How to profit from a Senate vote

August 15, 2012, 8:20 PM UTC

Follow the votes.

FORTUNE — Wall Street obsessively monitors Capitol Hill, and with good reason: the slightest tweak in a bill’s language can boost–or bludgeon–corporate profits. But investors often struggle to predict how government actions will impact stocks. Take, for example, the Affordable Care Act. Market sentiment towards the bill oscillated wildly in the months leading up to its passage. Some investors are still confused about whether the law will benefit drug makers, medical device companies, and insurers.

Most bills are complicated, and it isn’t always easy to anticipate whether they will help or hurt stocks. But a new study from the National Bureau of Economic Research by Lauren Cohen, Karl Diether, and Christopher Malloy offers a simple solution. The researchers posit that investors can forecast the effect that legislation will have on a sector by looking at the Congressmen who are voting for it. If the bill has garnered support from senators who hail from states where the relevant industries have a strong presence, then you should buy those industries after it passes. If the same senators oppose the bill, short the sector.

The researchers analyzed votes cast by senators on approximately 6,000 bills between 1989 and 2008. They singled out the industries that were mentioned in each bill, and then classified senators as “interested” if those industries were concentrated in their home states. If the ratio of “interested” senators voting in favor of the bill was greater than the ratio of “uninterested” senators, they bought the sector and held it for a month. If the ratio of “interested” senators voting against the bill was high and it passed, they shorted the sector.

Their strategy worked. The basic long-short portfolio they created generated risk-adjusted returns of 11% a year over the course of two decades. The S&P 500 returned about 8.3% a year in that time.

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The researchers found that, if they honed in on the voters in the Senate with the greatest industry representation in their states, the outperformance was even more dramatic. When they tracked senators who voted on behalf of their home states’ biggest–and most economically important–industries, they achieved risk-adjusted returns of 12.6% a year. If they focused only on legislators who represented industries that were the most impacted by legislation, their annualized returns rose to 15.6% a year.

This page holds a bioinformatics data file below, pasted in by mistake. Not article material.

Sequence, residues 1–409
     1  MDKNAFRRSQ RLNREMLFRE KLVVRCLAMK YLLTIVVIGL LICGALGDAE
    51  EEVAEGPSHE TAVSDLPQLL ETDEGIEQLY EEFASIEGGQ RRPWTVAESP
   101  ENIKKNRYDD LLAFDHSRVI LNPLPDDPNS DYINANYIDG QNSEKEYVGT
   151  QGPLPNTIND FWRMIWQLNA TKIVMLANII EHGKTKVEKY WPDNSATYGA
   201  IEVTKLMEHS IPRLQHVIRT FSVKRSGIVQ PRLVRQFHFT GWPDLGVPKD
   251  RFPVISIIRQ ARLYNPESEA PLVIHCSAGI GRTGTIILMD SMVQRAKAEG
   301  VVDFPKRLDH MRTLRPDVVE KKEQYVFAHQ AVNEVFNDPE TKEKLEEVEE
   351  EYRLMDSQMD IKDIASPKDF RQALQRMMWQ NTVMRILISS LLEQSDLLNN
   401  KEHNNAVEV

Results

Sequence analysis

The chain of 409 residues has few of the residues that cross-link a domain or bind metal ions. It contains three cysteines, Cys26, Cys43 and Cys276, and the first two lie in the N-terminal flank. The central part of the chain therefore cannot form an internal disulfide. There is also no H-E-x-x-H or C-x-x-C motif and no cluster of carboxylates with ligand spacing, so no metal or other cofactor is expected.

The authors’ decision to look at senators seems circuitous at first; why not just examine the bills themselves to see which sectors benefit? But when the researchers focused on the text of the bills, their results were less impressive. If they bought sectors that were mentioned in bills that were passed, the portfolios they built performed on par with the index. When they invested in sectors that received positive mentions in bills, they achieved similarly average results.

As it turns out, the votes of senators with vested interests are much better indicators of future stock returns. “Just looking at the behavior of these people who are interested is incredibly powerful,” says Lauren Cohen, one of the paper’s co-authors.

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It isn’t surprising that senators push for bills that benefit the industries that dominate their home states. But the strength of the correlation between their votes and stock returns suggests that elected officials not only have strong incentives to support certain pieces of legislation, but also strong insights into corporate activity. The fact that they successfully advocated for bills that supported their respective industries in the market suggests that they based their votes on prescient information, no doubt gleaned from the industries they represent.

And they’re getting better at it. According to the study, the magnitude of the “interested senator” effect has increased by as much as 20% in recent years. In other words, senators are increasingly adept at picking bills that support their vested interests–and investors would be wise to track their votes.